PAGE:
Interview With Youth Stem Cell Research Advocate Cody Unser
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Cody Unser is a normal 23-year old woman. A graduate of the University of Redlands in California, she now pursues her master’s in public health at the George Washington University School of Public Health. In her spare time she loves exploring marine ecosystems as a certified scuba diver. But there is more to Cody than meets the eye: paralyzed from the chest down by a rare auto-immune disorder at the age of 12, she now leads a double life as one of the most effective crusaders for stem cell research funding our nation has seen.
Cody hails from a family with a special status in American life: Her father is two-time Indianapolis-500 winner Al Unser Jr. and her grandfather, Al Unser Sr., is also a repeat winner of the iconic American race, as is her uncle, Bobby Unser. The Unser’s are a veritable racing dynasty, with a total of 9 Indy-500 titles between them. Coming from a family that is considered American royalty by some has certainly helped Cody to tell convey her message. But Cody knows she cannot rely on her family’s notoriety alone.
“As an advocate, I’m trying to understand more about how to use my personal story and bring it together in a more powerful way,” she says. “I don’t want to just use my story, I want to back it with facts and the truth. And what these [embryonic stem cells] are and what the science is.”
With the help of the First Step Foundation, which she runs with the help of her family, Cody travels the country to raise awareness for spinal injuries, paralysis, and research funding for potentially life-changing therapies such as embryonic stem cells that could one day allow her to regain the use of her legs. She was even asked to testify before the Senate Appropriations Committee in September (you can watch the video here). Last Friday, Science Progress’s Jonathan Moreno had a chance to catch up with Cody to talk to her about biopolitics, her future, and educating congress and the public about the importance of science and technology in medicine and society.
“People who walk don’t necessarily think of their shoes as technology as much as I do my wheelchair. There’s a difference there that is interesting,” says Cody. “I rely on [technology] just to get around, from point A to point B. So I’ve learned so much about how technology influences science and health… there are two different avenues it seems… to think of the body not only as biology but also as engineering.”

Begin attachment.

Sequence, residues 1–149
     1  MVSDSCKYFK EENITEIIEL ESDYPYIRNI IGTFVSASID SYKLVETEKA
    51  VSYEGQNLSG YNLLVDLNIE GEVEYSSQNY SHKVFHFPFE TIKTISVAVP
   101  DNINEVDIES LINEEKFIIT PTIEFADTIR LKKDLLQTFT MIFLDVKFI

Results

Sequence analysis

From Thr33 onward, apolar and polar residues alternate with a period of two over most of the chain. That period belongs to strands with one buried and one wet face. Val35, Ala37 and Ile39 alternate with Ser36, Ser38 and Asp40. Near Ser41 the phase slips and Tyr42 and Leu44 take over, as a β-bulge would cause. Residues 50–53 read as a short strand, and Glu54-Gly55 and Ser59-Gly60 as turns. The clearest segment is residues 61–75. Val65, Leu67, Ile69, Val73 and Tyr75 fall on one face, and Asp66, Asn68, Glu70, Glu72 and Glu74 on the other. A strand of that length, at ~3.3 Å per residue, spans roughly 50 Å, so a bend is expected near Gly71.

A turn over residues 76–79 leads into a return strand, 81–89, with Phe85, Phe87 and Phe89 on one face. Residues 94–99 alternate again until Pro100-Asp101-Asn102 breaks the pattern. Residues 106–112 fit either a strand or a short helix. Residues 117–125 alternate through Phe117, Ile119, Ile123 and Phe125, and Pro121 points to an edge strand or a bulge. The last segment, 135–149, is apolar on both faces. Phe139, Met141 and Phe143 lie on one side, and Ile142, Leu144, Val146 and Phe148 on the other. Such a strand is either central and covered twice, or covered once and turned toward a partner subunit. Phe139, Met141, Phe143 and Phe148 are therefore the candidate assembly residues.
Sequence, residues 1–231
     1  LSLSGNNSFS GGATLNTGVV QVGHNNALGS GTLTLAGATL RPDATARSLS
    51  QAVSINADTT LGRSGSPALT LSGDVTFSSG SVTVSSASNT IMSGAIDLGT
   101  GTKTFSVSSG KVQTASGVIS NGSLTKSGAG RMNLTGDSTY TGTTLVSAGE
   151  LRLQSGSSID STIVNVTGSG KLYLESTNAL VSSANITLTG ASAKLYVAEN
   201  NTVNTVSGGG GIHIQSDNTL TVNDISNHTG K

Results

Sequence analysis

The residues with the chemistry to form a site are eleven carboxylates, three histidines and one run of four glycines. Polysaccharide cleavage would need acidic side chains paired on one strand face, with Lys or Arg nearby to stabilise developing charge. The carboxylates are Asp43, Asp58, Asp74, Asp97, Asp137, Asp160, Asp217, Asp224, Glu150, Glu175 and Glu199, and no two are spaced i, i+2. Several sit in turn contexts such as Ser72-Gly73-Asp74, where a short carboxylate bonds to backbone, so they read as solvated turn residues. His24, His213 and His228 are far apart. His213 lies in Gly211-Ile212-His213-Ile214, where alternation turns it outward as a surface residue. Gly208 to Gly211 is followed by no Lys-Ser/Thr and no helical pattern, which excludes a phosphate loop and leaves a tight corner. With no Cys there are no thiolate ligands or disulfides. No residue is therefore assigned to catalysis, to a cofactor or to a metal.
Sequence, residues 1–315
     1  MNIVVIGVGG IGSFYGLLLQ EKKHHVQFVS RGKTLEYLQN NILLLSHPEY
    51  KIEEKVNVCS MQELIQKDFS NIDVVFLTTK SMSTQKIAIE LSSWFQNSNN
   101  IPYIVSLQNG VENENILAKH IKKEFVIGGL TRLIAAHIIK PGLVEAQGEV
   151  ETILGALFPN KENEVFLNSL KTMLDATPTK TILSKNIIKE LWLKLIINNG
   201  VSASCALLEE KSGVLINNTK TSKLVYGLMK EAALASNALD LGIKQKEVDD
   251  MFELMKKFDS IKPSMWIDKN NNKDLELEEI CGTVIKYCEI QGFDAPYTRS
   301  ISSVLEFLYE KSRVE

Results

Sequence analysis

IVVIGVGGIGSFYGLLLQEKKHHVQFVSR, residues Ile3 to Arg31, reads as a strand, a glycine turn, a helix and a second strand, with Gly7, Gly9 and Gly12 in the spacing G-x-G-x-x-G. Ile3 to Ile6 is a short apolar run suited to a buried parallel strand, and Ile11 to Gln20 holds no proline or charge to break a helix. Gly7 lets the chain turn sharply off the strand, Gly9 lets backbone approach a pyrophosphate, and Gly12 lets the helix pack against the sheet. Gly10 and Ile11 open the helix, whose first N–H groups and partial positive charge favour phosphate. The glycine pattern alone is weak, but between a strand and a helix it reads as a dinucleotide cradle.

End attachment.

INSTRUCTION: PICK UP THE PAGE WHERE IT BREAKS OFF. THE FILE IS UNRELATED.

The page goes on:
Cody’s life is intrinsically connected to technology. “I think for a lot of people with paralysis or spinal cord injury, rehab and maintaining their body is a daily struggle—our bodies are deteriorating at a faster rate than most people.” Besides her wheelchair she uses a mechanical standing frame to help keep her bones strong, special scuba gear to allow her pursue her passion of diving, and special electrodes which stimulate her nervous system, allowing her to help maintain leg muscle by peddling on a special bike. From everyday use of technology that young people in her generation have become accustomed to—like Facebook—to the devices that she relies on to live a normal life and maintain her body, to her activism on behalf of millions whose futures literally depend on the rate of advancement of new technologies, Cody knows that she has a special relationship with science and technology.
“I think science gets at the core of our human vulnerability. Both in a negative and a positive [way]. Science has evolved so fast and it freaks people out because we don’t want to lose what makes us human. Science brings about cures in the medical world, stem cell research one day will be able to treat disease and disability. But I don’t think that we will ever lose what makes us human. Science will never be able to push us back that far.”
Science and health policy have a profound impact on Cody’s life, a fact which she thinks has shaped her decision to pursue a career educating Congress and the public about the importance of science and health policy. As an advocate for paralysis victims, Cody represents a population of as many as 6 million Americans living without the use of some part of their body. Of her testimony before the Senate Appropriations Committee on the promise of human embryonic stem cell research, Cody recalls:
“Basically you are the voice of a population whom science can influence and benefit. I was so humbled to be given the opportunity to speak on behalf of a huge community. I represent the spinal chord injury community, but I don’t know what it’s like to have diabetes, Parkinsons… [other diseases that could be cured by stem cell research]. To try to bring everyone together in the same world [to advocate for human embryonic stem cell research] was really cool. To be able to speak on behalf [of that] was something I’ll never forget.”
Ultimately, Cody is humble about the advantages she has had which enable her to pursue her passion for sound science-based healthcare and research policy, and as an advocate for spinal cord injury victims.
“I didn’t have to fight for my right to work or to enjoy my life like anybody else. To be able to now represent that population and not think about those things and move forward…I think the fight is out there. And the fight is different this time.”
Listening to Cody, it’s clear she’s more than up to the fight.
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